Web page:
January 1, 2015

Greet the New Year Like a Mermaid.


She is a mythical creature. A person of the ocean. A child of the waves.

 And sometimes, she is all of these things in a human body.

 Here’s how a mermaid (at heart) turns her face to a new year:

The new year is  seen as a defining opportunity for change and renewal, which indeed it is. Yet when one lives by the pull of the waves and the shapes of the moon, change and renewal are a way of life. They are constant as a beating heart. A mermaid lives in an ever-unfolding world of shifting sands and currents. Creatures that don shells, shed them and don new shells again.

Every day (and night) the ocean bursts forth in acts of renewal, retreats into its own mysteries, and then invents itself once again.

A mermaid will change and renew on the birth of the new year. But she will do so again the next day, and the day after that, and the day after that. As long as the water moves, so will she.

A mermaid lives with a fever to move, she can’t stay in one place for too long. And no wonder, for the endless ocean is her realm. She wanders by instinct, and can become violent-tempered when she feels caged. Wandering can mean down the shore or across the world, the idea is the same either way: she must keep moving. She is not a jittery, inattentive mover, and not a runaway escapist, either.

She is a slow, intentional wayfarer.

She will look upon the new year as a journey.

A mermaid lives a simple, nomadic life. She doesn’t accumulate many possessions, as this accumulation will only weigh her down, and she is used to floating. She dreams of what the new year will pay in dividends of knowledge, adventure and maybe even love.

Whatever material instruments come to her as she flows through these experiences, she will use them, feel gratitude for them, then let them flow away from her again, as time and season dictate.

A mermaid is a creature whose soul is tangled up with nature. She needs to taste salt water on her lips and feel the waves lift her hair from her shoulders. She will love every animal in the world and a handful of humans. She will want to watch the sun rise and set on the water, dazzling its surface with a million shards of light. These things in the new year, and always.

Her beauty is imperfect. She has been chiseled by water and wind and sun and earth. She has scars. She has freckles. She has flesh. She is marked by the passage of time and a life lived in the elements. If she travels through the next year without acquiring any new marks of age, she will feel a tug of regret; a longing for the scars that could have been.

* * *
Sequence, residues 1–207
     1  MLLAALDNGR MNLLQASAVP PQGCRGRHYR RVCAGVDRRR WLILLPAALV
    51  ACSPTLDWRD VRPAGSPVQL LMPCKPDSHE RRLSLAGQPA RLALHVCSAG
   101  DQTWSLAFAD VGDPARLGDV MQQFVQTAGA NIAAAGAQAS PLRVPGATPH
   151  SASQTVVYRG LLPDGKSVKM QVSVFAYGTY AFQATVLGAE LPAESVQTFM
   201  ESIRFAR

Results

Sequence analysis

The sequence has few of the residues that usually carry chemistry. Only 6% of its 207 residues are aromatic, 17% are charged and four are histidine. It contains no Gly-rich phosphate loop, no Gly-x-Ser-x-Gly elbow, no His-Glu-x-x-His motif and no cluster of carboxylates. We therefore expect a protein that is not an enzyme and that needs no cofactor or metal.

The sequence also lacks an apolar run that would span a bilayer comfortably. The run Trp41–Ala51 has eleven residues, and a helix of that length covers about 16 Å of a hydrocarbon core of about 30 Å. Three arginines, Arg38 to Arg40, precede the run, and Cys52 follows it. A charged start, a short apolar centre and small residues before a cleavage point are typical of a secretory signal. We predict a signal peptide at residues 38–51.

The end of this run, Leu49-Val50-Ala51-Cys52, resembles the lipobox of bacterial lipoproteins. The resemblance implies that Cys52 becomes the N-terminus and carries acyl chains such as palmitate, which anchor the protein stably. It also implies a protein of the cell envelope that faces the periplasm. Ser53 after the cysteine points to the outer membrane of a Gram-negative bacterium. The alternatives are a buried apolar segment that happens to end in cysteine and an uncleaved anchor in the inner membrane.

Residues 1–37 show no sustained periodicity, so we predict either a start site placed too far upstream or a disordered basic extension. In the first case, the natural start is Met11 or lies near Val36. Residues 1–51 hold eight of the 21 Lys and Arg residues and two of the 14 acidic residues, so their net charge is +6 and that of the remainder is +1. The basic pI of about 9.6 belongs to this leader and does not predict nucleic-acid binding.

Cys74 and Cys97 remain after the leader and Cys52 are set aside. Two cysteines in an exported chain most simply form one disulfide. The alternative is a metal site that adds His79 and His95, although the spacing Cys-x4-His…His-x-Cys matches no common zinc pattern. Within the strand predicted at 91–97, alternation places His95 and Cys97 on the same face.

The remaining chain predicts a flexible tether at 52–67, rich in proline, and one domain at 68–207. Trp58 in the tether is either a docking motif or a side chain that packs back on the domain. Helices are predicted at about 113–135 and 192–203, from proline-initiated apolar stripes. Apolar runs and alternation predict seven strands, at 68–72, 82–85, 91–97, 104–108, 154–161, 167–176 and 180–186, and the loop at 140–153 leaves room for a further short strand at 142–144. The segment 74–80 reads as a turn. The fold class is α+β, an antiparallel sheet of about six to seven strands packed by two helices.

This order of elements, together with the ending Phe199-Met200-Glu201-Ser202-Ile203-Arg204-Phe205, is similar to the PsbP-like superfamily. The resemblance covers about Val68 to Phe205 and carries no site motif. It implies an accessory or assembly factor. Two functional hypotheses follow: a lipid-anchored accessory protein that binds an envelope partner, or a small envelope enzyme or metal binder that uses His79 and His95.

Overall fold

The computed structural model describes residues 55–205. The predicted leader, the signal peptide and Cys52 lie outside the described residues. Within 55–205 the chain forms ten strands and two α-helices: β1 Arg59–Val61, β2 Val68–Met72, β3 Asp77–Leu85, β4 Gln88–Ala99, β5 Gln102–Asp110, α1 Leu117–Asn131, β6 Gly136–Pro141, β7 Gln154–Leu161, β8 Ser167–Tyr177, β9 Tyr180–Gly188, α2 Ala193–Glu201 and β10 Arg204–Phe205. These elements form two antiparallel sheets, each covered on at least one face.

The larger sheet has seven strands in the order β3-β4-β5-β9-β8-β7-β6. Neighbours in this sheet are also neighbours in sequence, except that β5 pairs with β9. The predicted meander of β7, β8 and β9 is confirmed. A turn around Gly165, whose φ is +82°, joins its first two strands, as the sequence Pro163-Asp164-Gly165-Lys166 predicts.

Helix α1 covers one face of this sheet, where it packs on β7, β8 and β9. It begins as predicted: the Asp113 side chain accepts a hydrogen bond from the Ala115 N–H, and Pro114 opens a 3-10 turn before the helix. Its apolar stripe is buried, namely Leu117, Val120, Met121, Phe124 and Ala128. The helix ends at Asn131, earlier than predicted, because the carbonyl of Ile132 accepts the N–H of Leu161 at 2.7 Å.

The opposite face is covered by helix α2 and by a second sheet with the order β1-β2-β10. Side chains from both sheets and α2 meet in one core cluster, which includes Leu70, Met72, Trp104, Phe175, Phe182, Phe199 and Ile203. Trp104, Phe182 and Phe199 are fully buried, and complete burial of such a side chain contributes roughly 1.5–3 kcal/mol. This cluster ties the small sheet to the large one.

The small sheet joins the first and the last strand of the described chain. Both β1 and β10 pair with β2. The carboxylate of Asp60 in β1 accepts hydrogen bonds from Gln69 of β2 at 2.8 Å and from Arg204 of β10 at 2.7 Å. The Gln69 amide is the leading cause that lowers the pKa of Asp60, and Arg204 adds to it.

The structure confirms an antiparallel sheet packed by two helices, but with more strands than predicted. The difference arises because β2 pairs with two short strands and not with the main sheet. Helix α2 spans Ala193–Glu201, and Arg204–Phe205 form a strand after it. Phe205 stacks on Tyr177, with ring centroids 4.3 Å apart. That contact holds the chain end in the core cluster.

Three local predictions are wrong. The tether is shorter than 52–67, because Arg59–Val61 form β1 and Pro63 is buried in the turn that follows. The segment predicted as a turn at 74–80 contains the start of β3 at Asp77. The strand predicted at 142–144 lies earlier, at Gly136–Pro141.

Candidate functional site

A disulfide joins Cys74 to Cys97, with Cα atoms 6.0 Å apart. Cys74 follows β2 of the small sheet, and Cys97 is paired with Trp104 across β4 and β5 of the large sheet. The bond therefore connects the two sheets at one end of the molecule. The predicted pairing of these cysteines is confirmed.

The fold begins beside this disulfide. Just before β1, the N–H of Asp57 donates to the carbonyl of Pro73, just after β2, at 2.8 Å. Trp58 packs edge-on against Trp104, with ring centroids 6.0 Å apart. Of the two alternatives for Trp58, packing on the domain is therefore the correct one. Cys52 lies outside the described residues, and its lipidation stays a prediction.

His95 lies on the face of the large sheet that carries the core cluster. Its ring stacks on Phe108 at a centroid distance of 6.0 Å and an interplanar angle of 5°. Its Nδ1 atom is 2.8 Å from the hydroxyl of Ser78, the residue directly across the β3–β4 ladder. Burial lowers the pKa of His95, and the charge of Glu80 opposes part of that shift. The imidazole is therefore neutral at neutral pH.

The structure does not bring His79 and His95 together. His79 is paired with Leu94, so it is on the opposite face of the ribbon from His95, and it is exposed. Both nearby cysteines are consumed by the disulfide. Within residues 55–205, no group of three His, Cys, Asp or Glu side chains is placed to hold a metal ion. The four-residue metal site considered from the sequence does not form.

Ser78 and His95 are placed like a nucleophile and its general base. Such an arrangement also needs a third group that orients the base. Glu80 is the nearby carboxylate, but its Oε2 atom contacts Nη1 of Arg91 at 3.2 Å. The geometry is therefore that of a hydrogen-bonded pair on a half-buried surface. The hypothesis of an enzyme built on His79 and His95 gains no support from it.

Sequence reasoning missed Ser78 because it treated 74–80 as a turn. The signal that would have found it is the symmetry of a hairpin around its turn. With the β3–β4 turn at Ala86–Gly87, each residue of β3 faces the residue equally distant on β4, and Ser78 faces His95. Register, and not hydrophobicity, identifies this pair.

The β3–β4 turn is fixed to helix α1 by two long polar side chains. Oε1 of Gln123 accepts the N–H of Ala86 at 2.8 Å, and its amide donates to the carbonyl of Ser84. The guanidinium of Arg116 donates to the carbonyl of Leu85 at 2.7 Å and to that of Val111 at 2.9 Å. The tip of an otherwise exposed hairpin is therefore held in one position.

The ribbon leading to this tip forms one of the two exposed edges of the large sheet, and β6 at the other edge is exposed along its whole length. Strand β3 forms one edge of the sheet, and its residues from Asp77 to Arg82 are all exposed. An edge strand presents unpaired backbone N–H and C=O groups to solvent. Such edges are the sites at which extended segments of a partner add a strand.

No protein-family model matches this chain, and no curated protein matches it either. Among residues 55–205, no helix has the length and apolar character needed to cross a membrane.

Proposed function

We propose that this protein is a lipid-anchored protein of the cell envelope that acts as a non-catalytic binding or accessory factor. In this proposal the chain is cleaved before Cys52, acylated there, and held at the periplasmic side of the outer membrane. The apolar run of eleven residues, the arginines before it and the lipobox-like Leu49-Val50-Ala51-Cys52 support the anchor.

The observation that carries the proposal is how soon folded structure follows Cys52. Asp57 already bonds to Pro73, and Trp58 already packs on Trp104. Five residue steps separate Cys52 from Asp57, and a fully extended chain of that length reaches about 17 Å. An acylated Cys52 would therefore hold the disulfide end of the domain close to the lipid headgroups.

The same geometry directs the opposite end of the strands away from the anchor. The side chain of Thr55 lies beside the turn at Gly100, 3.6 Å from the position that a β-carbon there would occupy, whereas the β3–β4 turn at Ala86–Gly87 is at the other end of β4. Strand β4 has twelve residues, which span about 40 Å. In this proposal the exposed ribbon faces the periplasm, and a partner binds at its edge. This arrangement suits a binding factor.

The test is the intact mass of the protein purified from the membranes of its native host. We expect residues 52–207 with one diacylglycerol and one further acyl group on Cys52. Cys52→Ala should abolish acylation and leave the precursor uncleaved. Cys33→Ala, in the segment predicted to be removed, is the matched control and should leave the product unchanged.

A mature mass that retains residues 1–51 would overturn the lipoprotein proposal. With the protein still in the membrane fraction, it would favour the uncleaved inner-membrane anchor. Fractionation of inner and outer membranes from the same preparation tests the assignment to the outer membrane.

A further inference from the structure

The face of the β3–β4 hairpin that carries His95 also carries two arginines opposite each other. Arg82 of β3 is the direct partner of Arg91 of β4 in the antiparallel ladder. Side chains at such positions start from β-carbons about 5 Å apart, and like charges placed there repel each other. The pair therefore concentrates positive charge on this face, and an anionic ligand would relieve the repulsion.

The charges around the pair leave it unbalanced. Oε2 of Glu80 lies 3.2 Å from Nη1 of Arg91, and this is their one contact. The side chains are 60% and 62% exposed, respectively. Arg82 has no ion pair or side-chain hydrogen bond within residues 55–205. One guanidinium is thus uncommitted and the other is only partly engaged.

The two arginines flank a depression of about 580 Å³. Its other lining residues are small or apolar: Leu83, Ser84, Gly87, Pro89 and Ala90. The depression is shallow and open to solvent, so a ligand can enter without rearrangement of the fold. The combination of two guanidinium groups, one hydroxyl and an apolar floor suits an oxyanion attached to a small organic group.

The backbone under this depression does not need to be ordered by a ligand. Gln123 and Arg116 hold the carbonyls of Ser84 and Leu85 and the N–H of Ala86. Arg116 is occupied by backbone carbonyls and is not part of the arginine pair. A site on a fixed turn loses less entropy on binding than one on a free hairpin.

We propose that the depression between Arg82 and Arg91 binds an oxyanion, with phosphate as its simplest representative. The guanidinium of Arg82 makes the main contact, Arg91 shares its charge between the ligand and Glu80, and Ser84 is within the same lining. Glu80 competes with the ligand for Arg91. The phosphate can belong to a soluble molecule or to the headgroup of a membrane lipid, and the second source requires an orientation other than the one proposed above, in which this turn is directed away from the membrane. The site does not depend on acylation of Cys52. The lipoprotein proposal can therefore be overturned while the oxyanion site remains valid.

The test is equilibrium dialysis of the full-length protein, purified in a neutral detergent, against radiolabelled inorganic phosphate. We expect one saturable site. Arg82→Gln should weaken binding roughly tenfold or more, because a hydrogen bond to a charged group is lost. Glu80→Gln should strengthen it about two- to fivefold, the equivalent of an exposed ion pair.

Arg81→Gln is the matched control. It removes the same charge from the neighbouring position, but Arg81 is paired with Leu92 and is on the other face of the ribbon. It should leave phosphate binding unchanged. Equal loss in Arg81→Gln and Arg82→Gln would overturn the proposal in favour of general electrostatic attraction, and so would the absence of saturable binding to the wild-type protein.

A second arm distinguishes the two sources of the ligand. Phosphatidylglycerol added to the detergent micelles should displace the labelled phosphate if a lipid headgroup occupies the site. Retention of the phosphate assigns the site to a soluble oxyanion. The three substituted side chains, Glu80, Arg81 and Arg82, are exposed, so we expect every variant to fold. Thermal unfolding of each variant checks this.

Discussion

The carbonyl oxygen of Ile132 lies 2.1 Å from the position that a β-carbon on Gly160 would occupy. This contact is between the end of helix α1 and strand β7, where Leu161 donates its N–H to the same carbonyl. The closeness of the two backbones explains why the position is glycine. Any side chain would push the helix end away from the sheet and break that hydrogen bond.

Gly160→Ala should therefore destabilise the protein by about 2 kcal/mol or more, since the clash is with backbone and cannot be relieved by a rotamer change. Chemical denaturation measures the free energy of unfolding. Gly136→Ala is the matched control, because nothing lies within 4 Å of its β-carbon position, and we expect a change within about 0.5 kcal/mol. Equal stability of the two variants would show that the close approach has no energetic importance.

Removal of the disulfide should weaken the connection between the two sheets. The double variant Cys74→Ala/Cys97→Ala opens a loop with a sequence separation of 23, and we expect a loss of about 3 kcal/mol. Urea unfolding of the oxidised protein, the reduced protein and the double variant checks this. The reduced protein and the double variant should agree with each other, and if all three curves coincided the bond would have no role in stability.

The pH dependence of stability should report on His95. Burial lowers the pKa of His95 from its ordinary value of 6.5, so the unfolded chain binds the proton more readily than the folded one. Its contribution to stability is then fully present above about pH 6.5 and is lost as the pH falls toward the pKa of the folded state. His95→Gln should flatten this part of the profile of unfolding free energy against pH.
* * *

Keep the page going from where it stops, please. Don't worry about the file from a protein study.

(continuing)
She knows that just as a living soul must exist in a state of evolution, so must a living body, and she wants nothing more than to be alive.

Water is her prevailing trait. Silent and roaring, calm and powerful water. The sea is a vast and often solitary place. A mermaid knows how to be quiet and alone. In fact, she needs to be quiet and alone. This retreat doesn’t diminish her strength, or her ability to love. It causes both to build in a rising swell. As the new year dawns she will sit alone, at least for a moment, watching that sun ascend, and feeling that energy rise.

A mermaid is joyful, playful, dark and melancholy, but never complacent. She swings from the horizon into deep ocean trenches, and back again. She is compelled to follow these tidal shifts, up and down, true to herself and the moon. She would not wish for the new year to bring a happiness that is any less than that which is felt deep in the bones. And happiness felt in that deep place derives its shape from darkness. Darkness defining the light. Giving form to faith.

In other words, a mermaid is not afraid of seasons.

She understands that the new year will unfold in seasons, sometimes many seasons within a single day, and she won’t resist this. She will turn her face toward the rain and feel sadness. She will fall into your arms and feel love. She will surge into the future and feel fear, then courage. She won’t deny her heart, for she is too close to nature and its primeval pulse. This is why she will never get stuck.

She will live her seasons, they will pass, and she will flow on into the next.

All wild things are unpredictable by nature. A mermaid will dream and plan like the rest of the world, but she is an instinctual, gut-feeling decision maker, who will abandon practicality at the pull of the tides, trusting a wisdom that is at once intuitive and hard-won.

She recognizes logic, but is not ruled by it. The choreography of the human world means little to her, and she will rush in to fill every corner of the new year on her own terms, like water rushing over land.

Her heart is as old as the floor of the ocean, full of memory and hope layered together in a foundation of rock.

A mermaid who has lived through some life will come to know herself a little better, and begin to understand just what she is. Her seemingly primitive, ill-advised instincts will begin to make sense. At least to her. The wild upheaval of her life will pulse with possibility. Wave energy has been building silently under the sun and moon and stars. She sees that now.

As human clocks chime out the final fragments of the year, we will likely find our mermaid sitting on a rock, watching time circle around through the bodies of the sky. She will laugh, grateful for both the old year and the new, then back-flip into the sea.

 Jump with her.


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Author: Chrissy Tustison

Editor: Emily Bartran

Photo: Flickr

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